So, then, was it really a cover-up? The term “cover-up” is pretty contemporary. But what is known now is that one of Churchill’s top priorities, when he was in the Admiralty, was to make sure that Room 40 was kept a secret. One of its members said that it even got to the point of not passing along crucial information that could have saved lives.
As Larson explained, the point of his book wasn’t to say whether or not there was a cover-up. “I’ll leave that to the conspiracy theorists.” His goal was to capture the sheer magnitude of this episode and show the sinking of the Lusitania for what it was: “a disaster of monumental proportions, filled with tragedy and horror.”
Since we’re on the topic of historical naval disasters and incredible stories, you should read about the sinking of the USS Indianapolis and how some of the bravest men in history braved it out…
When the blockbuster “Jaws” first terrified audiences in 1975, not all of the fear was due to the effects or haunting soundtrack. One of the most chilling scenes was fisherman Quint’s telling of how he was bobbing in the Pacific’s waters for days while sharks were circling him and his fellow sailors. That grim story isn’t just a scene written for the big screen.
It was based on the real-life events after the sinking of the USS Indianapolis near the end of World War II. A Japanese submarine torpedo sent the ship and its 1,200 men into the ocean’s open waters. Of about 800 sailors who went into the water, 316 survived the nearly five-day event. The rest succumbed to dehydration, shark attacks, exhaustion, and I’ll let your imagination fill in the rest. That alone is a story to be told, but there are lots of layers to this story, involving a 12-year-old boy whose school paper helped exonerate the ship’s captain after all these years.
After decades of unsuccessful searches, the wreckage of USS Indianapolis was found on the bottom of the Philippine Sea on August 19, 2017. A team of researchers led by billionaire Microsoft co-founder Paul Allen located the remains of the ship 18,044 feet below the sea. It’s been over 70 years since the ship sank during World War II.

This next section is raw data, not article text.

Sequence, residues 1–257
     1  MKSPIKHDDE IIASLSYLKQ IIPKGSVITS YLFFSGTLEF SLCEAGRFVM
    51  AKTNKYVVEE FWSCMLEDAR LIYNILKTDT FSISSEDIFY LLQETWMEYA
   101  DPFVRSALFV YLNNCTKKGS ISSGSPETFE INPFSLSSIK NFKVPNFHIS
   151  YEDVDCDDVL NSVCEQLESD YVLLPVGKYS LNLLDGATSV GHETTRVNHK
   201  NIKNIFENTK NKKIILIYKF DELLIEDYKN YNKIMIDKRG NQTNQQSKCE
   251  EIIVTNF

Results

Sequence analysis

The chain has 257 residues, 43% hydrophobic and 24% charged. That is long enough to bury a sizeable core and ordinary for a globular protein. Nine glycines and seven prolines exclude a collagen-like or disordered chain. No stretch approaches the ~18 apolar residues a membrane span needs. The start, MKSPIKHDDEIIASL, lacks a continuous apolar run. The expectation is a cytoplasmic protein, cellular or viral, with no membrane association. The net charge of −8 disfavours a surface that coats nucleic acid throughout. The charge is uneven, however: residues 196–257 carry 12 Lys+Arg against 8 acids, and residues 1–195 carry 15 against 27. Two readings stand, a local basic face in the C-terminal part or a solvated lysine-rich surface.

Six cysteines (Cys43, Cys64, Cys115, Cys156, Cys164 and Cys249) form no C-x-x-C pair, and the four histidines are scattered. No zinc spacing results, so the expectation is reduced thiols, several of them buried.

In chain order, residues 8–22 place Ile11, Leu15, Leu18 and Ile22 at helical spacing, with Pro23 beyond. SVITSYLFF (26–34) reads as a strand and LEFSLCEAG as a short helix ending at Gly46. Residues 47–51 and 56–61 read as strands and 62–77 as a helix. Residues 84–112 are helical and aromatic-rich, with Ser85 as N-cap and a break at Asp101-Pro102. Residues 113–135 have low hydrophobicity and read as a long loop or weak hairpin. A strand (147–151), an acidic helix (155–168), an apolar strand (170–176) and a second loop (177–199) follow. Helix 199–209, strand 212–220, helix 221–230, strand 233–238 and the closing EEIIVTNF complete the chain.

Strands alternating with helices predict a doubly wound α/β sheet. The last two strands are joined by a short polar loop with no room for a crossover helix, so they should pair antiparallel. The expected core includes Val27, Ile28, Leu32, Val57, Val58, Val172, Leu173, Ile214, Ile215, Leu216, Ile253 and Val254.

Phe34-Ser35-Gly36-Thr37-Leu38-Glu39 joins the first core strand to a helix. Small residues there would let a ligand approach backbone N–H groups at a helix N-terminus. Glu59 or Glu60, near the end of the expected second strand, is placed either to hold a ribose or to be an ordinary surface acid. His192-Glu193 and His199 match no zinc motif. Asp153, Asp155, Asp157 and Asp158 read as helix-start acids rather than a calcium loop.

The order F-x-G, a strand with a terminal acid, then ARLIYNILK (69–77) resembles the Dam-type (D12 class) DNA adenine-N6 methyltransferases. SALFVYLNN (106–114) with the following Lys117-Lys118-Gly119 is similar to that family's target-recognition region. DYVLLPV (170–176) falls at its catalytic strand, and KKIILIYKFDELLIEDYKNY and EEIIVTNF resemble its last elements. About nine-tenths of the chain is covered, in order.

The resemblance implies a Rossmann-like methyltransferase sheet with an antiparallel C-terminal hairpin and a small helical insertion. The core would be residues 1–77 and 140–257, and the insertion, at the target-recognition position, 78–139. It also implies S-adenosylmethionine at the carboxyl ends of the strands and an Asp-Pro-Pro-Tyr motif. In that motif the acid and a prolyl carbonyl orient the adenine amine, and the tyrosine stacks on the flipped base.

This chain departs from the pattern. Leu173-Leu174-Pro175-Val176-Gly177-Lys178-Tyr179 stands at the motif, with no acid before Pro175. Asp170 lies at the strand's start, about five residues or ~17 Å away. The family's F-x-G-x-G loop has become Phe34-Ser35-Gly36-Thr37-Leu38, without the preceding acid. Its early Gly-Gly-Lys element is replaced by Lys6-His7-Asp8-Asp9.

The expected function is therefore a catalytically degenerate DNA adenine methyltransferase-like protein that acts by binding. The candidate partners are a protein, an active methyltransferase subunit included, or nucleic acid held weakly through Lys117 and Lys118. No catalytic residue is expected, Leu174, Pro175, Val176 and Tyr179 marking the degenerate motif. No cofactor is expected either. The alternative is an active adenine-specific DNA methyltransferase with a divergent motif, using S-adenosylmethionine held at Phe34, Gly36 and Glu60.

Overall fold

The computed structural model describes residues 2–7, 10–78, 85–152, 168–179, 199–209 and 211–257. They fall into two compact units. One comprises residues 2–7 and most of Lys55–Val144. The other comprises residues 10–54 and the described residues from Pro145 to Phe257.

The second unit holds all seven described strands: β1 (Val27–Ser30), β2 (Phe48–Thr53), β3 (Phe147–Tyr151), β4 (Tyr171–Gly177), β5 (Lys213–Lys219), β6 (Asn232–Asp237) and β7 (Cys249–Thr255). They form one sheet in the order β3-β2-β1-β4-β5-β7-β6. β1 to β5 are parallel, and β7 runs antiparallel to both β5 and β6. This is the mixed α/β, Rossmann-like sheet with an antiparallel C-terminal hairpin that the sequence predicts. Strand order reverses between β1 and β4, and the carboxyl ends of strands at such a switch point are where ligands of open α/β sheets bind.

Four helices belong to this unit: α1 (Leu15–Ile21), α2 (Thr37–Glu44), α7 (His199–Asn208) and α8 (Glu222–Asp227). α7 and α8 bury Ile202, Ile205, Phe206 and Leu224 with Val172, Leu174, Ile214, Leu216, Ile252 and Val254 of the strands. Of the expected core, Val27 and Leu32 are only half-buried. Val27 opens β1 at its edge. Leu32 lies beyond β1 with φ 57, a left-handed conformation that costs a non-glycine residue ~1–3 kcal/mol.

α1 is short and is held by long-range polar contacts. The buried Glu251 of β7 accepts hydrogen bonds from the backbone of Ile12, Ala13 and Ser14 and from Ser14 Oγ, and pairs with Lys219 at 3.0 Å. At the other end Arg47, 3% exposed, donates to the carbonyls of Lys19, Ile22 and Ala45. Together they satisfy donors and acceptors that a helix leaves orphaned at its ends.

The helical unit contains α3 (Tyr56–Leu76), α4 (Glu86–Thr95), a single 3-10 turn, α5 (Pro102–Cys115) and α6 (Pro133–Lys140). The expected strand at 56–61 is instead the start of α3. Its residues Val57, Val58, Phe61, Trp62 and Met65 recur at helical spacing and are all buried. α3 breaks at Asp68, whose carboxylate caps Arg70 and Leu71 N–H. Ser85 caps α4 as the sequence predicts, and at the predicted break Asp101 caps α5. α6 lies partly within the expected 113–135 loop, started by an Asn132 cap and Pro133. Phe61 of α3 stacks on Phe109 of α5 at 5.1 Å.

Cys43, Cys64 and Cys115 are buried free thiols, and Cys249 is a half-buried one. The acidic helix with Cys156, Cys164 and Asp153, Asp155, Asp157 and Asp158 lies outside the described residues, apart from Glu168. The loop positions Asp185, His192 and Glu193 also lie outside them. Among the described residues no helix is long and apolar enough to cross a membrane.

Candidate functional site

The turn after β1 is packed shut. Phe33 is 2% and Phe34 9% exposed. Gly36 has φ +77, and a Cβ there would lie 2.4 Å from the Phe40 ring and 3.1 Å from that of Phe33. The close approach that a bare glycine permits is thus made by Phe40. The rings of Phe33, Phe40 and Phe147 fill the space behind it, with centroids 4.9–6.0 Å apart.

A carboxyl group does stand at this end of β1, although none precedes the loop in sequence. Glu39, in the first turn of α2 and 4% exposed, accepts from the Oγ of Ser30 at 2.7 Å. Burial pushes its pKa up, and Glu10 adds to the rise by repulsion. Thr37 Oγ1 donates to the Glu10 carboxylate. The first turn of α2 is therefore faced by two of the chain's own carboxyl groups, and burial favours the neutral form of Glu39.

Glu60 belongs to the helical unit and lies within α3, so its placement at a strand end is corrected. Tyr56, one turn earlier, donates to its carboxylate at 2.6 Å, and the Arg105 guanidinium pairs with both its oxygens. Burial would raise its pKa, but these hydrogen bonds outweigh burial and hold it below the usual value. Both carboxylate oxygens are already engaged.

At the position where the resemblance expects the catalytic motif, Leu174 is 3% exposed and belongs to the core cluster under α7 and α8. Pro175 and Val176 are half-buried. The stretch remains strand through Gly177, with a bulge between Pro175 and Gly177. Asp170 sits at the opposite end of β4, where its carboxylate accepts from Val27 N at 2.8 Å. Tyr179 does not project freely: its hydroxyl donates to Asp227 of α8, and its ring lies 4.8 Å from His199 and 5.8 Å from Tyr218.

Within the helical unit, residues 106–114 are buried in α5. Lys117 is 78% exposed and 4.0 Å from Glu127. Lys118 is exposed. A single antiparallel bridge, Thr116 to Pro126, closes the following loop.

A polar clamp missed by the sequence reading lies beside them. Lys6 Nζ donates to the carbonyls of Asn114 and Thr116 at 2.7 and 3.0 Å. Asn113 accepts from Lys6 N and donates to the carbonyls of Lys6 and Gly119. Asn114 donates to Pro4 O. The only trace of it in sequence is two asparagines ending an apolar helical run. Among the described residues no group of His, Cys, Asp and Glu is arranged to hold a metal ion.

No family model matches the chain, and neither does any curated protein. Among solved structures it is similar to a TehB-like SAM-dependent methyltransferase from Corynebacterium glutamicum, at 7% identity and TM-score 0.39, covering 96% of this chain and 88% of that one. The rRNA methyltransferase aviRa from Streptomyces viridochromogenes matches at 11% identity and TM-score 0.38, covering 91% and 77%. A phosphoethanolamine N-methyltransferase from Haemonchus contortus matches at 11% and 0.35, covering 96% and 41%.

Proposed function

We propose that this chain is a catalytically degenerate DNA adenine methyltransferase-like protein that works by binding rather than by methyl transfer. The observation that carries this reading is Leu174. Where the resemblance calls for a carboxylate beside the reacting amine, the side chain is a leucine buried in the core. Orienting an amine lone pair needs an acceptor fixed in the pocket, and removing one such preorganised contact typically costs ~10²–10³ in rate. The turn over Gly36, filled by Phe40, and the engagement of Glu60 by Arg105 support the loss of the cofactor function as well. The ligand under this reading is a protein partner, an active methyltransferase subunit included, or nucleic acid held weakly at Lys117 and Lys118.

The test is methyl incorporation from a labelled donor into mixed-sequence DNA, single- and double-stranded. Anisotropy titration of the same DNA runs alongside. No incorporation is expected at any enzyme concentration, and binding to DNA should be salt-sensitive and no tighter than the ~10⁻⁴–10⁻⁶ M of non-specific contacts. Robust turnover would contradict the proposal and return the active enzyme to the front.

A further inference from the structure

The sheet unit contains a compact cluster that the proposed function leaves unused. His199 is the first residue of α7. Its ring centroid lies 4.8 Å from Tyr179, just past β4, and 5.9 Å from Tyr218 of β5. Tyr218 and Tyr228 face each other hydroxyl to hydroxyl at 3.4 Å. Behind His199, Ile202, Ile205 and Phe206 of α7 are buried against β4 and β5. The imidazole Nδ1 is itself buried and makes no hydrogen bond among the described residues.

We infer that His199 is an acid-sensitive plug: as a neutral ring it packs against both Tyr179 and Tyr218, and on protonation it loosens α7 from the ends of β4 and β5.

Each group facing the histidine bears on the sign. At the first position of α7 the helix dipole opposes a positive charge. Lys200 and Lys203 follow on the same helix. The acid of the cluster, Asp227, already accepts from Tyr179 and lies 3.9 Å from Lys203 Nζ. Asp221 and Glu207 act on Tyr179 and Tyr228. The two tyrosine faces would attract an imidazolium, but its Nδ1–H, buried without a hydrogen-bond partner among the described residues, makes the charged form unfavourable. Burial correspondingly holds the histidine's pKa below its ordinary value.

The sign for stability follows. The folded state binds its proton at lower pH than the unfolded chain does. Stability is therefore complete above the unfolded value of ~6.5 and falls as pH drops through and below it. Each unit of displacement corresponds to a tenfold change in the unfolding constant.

The discovery actually brings some closure to one of the most tragic naval stories in US history. But as tragic as it was, the story is also deeply inspiring and worthy of reflection. And you’ll see why soon. But we’re going to start from the beginning. It happened on the night of July 30th, 1945, two weeks before war was going to end. The ship was sailing from Guam to Leyte.
At 00:15 on July 30, 1945, the ship, with a crew of 1,199 men, was torpedoed by a Japanese submarine in the waters of the Pacific. It was struck on the starboard side by two Type 95 torpedoes. The explosions caused massive damage, and within 12 minutes, the ship sunk. It rolled over completely, and after the stern rose into the air, it plunged right down.
300 of the men aboard went down with the ship. With only a few lifeboats and many without life jackets at all, the remainder of the crew was set adrift in the open waters of the Pacific. Thanks to the survivors’ stories, we can take a rare look into one of the worst naval disasters in US military history.
The Navy didn’t know of the ship’s sinking until survivors were spotted in the ocean three and a half days later. Now, just think of what three and a half days would be like after such a disaster, in the shark-infested ocean. Those three and half days were so intense and horrific that those who survived basically have never had a bad day since.
Survivors of the sinking spent days bobbing in the sea, enduring sharks, the blistering sun, and dehydration. And the way they managed to survive and how they conducted themselves in those waters and even afterward is an affirmation of life. Today, only 12 of those men are still living, and each summer since 1960, they meet in Indianapolis for a reunion.
As the men floated in the sea, they endured more than one can imagine. They were blinded by the sun, tormented by hallucinations, thirst, and hunger and attacked by sharks. But what also plagued them was the realization that no one was coming to rescue them. Some, feeling all hope was lost, purposefully swam away to die. Others surrendered but didn’t give up.
Many of them were certain that rescue would never come, yet they carried on, helping struggling shipmates even when it didn’t seem to matter in the end. By becoming selfless, they held on to who they were as individuals. As most of the men essentially gave up on being rescued, they had no idea that help was on its way…
At 10:25 on August 2, on a routine patrol flight, a plane flown by Lieutenant Wilbur “Chuck” Gwinn and his copilot, Lieutenant Warren Colwell, spotted the men adrift. Gwinn immediately dropped down a life raft and radio transmitter. 24-year-old pilot Gwinn was later affectionately called their angel by the survivors, as they felt that they were reborn.
The first rescue plane was able to pick up 56 survivors. By nightfall, the first of seven rescue ships used its searchlight as a beacon to give hope to those still in the water. The rescue ships picked up the remaining survivors. Many of the survivors were injured, and all of them were suffering from a lack of food and water.